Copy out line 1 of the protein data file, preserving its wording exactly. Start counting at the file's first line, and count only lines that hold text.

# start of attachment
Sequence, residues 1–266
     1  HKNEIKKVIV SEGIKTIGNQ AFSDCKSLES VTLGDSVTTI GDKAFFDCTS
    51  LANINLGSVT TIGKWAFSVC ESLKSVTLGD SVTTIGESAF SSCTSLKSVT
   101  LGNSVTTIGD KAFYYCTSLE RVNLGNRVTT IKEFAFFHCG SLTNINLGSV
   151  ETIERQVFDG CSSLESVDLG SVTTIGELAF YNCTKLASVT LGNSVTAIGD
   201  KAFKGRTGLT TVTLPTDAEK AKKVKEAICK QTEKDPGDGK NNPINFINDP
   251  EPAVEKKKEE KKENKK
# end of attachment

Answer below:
Sequence, residues 1–266